AT: Why did you want to write something like Spencer & Locke, and what inspired you to do so?
DP: First off, thank you for saying that! Spencer & Locke was born out of a combination of two impulses: the idea of making our comics debut with as loud and audacious – and hopefully as human – a story as possible, as well as the idea of paying homage to Bill Watterson and Frank Miller as two of comics’ most pioneering creators. And I think Jorge and I have been really fortunate and really lucky that we were able to find each other and pull that off.
As far as inspiration goes, I’ve been a big fan of classic Frank Miller for a long time – his work on Daredevil: The Man Without Fear was the book that made me realize as a kid that real writers and artists make comics. So I wanted to try a mashup with that kind of tone and sensibility – a lot of the initial ideas I came up with felt very shock-oriented, but when I thought about Bill Watterson’s work on Calvin and Hobbes, the light bulb went off, that there was a very interesting story to be explored about a grown man whose imagination hasn’t just run wild, but has actually veered into actual mental illness the face of some truly harrowing trauma and abuse.
AT: Childhood trauma is dealt with in a very unique and bold way in this story. How did you approach dealing with these topics, and what more would you want to shine a light on?
DP: For me, it’s just treating your characters with as much empathy and humanity as possible – Locke’s just an ordinary guy trying to make sense of his past in the same way I think a lot of people are. It’s easy to linger on bad memories – they often make us who we are, and I think that’s a universal concept. But I never wanted to treat Locke’s mental illness as a joke or as a liability – I think treating him with compassion and dignity was really important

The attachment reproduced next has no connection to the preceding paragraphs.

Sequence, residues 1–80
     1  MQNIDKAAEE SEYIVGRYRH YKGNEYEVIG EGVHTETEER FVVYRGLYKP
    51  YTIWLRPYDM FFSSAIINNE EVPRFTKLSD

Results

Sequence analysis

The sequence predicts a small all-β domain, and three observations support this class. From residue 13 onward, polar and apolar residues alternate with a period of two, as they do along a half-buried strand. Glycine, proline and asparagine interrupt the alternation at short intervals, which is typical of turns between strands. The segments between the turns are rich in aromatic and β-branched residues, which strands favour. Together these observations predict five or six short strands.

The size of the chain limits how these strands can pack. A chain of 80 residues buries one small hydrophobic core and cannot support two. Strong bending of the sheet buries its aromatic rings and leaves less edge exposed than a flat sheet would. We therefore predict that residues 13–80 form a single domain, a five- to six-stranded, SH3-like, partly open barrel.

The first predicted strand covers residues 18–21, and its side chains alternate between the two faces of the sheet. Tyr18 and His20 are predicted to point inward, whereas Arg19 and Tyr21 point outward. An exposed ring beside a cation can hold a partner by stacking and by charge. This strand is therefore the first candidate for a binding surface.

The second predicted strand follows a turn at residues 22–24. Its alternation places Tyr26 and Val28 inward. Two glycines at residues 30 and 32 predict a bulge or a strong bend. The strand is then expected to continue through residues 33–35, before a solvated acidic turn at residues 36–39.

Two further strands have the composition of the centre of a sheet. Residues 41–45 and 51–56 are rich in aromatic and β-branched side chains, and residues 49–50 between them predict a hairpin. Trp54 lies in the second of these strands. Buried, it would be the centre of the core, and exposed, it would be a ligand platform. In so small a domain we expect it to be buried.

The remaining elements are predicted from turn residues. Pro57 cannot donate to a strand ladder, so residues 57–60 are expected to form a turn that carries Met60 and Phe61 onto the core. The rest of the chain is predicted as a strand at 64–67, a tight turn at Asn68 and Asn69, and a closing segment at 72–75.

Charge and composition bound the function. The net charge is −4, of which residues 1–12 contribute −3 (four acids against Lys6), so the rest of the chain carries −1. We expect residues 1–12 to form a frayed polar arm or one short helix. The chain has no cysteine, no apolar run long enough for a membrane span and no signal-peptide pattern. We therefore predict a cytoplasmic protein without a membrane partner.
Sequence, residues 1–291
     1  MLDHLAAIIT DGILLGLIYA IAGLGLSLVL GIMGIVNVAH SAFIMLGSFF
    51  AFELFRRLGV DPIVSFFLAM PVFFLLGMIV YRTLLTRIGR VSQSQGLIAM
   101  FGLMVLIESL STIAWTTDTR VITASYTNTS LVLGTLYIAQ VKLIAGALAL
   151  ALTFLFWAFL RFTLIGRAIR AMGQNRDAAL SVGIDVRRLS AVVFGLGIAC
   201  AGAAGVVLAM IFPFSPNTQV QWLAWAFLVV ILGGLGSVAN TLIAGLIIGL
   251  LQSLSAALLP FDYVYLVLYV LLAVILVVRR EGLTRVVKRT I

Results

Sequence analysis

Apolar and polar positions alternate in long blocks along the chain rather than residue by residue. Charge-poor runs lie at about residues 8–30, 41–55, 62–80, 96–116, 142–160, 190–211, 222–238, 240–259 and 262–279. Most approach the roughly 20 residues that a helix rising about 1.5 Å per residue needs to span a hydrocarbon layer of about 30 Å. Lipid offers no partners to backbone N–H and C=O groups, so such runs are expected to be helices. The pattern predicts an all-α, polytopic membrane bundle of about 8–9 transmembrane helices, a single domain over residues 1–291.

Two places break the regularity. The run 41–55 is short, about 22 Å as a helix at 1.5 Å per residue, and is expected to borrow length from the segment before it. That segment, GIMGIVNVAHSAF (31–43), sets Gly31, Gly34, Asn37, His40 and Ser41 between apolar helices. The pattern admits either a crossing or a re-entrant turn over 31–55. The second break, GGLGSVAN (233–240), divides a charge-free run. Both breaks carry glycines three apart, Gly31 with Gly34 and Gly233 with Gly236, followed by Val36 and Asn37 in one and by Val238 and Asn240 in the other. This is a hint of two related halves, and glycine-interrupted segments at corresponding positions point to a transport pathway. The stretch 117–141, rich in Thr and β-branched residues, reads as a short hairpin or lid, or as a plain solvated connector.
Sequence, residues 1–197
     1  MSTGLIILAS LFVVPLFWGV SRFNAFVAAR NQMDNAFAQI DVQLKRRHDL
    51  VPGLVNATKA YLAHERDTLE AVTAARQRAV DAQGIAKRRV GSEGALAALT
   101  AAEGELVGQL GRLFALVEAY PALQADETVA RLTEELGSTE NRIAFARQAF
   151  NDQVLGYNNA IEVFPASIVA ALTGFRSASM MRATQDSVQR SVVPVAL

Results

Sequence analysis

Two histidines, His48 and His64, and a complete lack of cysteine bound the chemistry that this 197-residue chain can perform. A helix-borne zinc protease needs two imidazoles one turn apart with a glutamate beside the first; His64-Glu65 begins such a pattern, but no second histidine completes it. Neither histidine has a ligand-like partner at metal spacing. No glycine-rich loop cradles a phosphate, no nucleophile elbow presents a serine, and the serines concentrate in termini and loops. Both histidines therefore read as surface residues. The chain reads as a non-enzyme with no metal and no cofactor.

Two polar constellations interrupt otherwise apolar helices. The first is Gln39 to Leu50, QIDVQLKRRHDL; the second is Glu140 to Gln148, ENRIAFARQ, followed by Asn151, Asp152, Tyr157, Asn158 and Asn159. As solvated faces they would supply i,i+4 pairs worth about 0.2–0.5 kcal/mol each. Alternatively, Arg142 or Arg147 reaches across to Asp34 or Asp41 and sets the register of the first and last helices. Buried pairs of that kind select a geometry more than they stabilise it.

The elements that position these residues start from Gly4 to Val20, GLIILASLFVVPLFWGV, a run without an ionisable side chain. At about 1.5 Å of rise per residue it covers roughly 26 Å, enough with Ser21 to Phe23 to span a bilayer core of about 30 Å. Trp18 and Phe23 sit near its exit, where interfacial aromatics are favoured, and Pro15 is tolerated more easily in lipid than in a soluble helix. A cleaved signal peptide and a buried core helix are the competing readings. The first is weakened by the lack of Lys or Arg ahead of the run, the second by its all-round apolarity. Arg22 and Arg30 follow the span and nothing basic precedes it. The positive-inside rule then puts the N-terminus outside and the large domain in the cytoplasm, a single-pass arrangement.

AT: What has been your favorite moment, page, or issue that you’ve written so far?
DP: So far? Probably Spencer and Hero at the end of Issue #4, or Locke’s flashback at the beginning of Issue #4. “A panther always keeps his promises.” Those are the two scenes that always make me feel a little teary, even though it’s been a few years since I wrote them. But we’ve got some doozies in Volume 2 – Roach has some choice speeches that were a blast to write, and I’d say readers should keep a close eye on Hero. She’s more important than you know…
Once again, thank you so much for your time, it’s been a pleasure to have you here on our site. To everyone reading, feel free to follow him on Twitter at @Peposed!
Spencer & Locke Volume 1 is available now from Action Lab: Danger Zone, and Issue #1 of Volume 2 has just released. Feel free to also follow the official Twitter account at @SpencerAndLocke for updates. This title is something truly special that we highly recommend!